Article IV written by Alexander Gunn was printed in the Northern Ensign on 14 October 1880 – Part E
St Andrews Cathedral in 1845 - Hill and Adamson
“Happily these things [superstitions] have passed away from amongst us, and I daresay we feel rather ashamed of ourselves that we should have been so silly as to have countenanced them at all. One reason for these superstitious ideas lingering so long amongst people was the limited intercourse there was with the outer world. The only means of travelling was on foot, or by the mail coach, a luxury which only the rich could indulge in. I have known students trudging it all the way to Aberdeen or St. Andrews to prosecute their studies.”
University of St Andrews Fife
The University of St Andrews is the oldest in Scotland,
having been officially established in 1413.
Elphinstone Hall Kings College Aberdeen.
“The only conveyance by sea was a small sailing craft, the “Janet” of Leith, which was neither safe nor speedy. I have known people detained three weeks on the passage between Wick and Leith, and at times they had some very narrow escapes from shipwreck. This craft did not always escape as she went down with all on board one stormy night, which I remember well as she rested on anchor in Portmahomack Bay.”
Stormy Day at Portmahomack Harbour
“Travelling was so little practised in those days that a sight of a live person who had been to Edinburgh and back was considered as great a wonder as the sight of a white elephant. They were looked up to with as much reverence and awe as if they had descended from the stars.”
“There was another shipwreck about this time on our coast the Freemason of Findhorn bound for the southern market with a cargo of herrings from Wick…was embalmed in a fog off the shore…The crew aware that they were in danger…..left the ship….”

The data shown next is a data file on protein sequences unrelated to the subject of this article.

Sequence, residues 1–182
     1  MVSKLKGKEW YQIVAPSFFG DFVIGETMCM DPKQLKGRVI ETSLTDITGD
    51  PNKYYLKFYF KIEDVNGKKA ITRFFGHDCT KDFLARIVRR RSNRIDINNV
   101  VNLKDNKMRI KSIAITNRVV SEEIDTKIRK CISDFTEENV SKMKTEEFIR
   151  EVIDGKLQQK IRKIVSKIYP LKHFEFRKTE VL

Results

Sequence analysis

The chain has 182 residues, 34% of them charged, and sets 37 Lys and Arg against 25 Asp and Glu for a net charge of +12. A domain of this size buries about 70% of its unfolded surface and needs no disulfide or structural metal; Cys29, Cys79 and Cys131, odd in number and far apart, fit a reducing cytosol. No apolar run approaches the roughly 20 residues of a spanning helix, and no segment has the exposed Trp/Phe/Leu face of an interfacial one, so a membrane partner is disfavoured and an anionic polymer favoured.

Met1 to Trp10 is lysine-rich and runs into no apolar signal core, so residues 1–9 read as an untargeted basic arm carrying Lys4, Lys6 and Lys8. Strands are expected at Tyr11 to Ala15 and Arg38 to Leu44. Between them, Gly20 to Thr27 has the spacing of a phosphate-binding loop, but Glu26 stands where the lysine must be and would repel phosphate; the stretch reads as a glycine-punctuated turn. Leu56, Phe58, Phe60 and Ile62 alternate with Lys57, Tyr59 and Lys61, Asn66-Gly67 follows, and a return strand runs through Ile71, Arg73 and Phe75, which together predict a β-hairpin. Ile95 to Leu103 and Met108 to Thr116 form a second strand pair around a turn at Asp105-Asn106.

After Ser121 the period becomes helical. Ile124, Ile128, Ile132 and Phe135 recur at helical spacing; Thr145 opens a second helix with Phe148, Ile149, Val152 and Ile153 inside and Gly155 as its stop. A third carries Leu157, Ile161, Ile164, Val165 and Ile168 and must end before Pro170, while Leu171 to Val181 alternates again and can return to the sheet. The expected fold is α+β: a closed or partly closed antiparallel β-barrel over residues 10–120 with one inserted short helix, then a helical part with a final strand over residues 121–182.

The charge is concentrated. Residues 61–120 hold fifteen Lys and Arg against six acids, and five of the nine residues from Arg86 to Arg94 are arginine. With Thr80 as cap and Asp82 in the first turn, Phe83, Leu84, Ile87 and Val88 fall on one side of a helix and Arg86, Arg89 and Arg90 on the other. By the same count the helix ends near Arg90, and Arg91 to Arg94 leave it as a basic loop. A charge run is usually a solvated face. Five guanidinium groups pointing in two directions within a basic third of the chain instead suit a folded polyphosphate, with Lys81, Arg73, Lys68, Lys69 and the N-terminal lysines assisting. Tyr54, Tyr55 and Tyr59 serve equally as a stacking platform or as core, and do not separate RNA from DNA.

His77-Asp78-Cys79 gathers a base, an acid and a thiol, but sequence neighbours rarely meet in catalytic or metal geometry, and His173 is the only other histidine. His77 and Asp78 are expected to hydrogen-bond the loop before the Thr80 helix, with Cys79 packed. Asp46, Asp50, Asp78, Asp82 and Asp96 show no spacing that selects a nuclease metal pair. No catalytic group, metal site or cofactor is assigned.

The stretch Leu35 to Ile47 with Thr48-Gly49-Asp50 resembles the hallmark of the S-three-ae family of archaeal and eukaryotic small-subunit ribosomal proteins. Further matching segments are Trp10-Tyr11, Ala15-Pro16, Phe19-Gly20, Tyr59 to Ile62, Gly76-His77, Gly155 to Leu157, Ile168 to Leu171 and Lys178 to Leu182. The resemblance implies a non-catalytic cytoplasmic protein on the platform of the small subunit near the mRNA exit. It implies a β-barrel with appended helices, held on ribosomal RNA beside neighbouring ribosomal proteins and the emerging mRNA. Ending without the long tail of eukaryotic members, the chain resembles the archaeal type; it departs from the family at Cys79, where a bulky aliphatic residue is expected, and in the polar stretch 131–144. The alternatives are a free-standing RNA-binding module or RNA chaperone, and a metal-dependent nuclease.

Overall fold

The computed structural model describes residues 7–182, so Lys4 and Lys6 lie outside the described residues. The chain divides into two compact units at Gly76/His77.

I cannot decipher any more from the scan I have access to, but more of Alexander Gunn's article is quoted elsewhere:
“Another shipwreck about this time on our coast was that of the 'Freemason' bound for the southern markets with a cargo of herring from Wick. My father (John Gunn) was engaged to look after the wreck and discharge the cargo which was done without loss, the weather continuing fine, but the ship was holed and remained to be smashed against the cliff shore. I handled my first shilling at this time. When Mr Davidson, owner of either the ship or the cargo or both, was settling with my father, he presented me with a shilling to my great joy, and it took no small skill and perseverance on the part of my mother, to get possession of it lest I should drop it or lose it.” Source: Roydhouse Archives
Alexander Gunn had the most extraordinary memory. The facts of the two shipwrecks he talks about, are confirmed in newspaper articles, but as Alexander was born on 3 Dec 1820 and the wrecks happened in 1824 and 1826 he was only a wee bairn of 4 and 6 years old at the time. The gift of the shilling was obviously a very significant event in both Alexander’s young life and for his family where money was so scarce – I can well imagine his mother Marion’s concern to keep the coin safe.
The loss of the Janet on 24 Nov 1826 was reported in Leith on 1 Dec 1826:
The Janet, of this port, a regular trader to Helmsdale, is totally lost in the Murray Frith (Moray Firth), and it is feared all on board drowned. She had on board a number of passengers.
The list of shipwrecks for 1824 confirms the Freemason
Several newspapers briefly reported the loss of the Freemason
“….the ship was driven ashore and wrecked between Helmsdale, Sutherland and Berriedale, Caithness in mid-November. Her crew were rescued. The Times, London 25 Nov1824
The Freemason of Findhorn was wrecked last week between Helmsdale and Berriedale. The crew and great part of the cargo saved.
Aberdeen 20 Nov 1824
Canmore also notes from the Marine List, the loss of the Freemason, stating she was classified as a sloop, with a cargo of herrings. The vessel was wrecked at Achnacarry (Achnacraig) between Helmsdale and Berriedale. The date of loss was 10 Nov 1824.
Travel to Edinburgh
|Whilst this old map is hard
to read – it is divided into three sections and shows the route from Tain to
Wick. It also shows the miles to be covered to reach Edinburgh – a long way on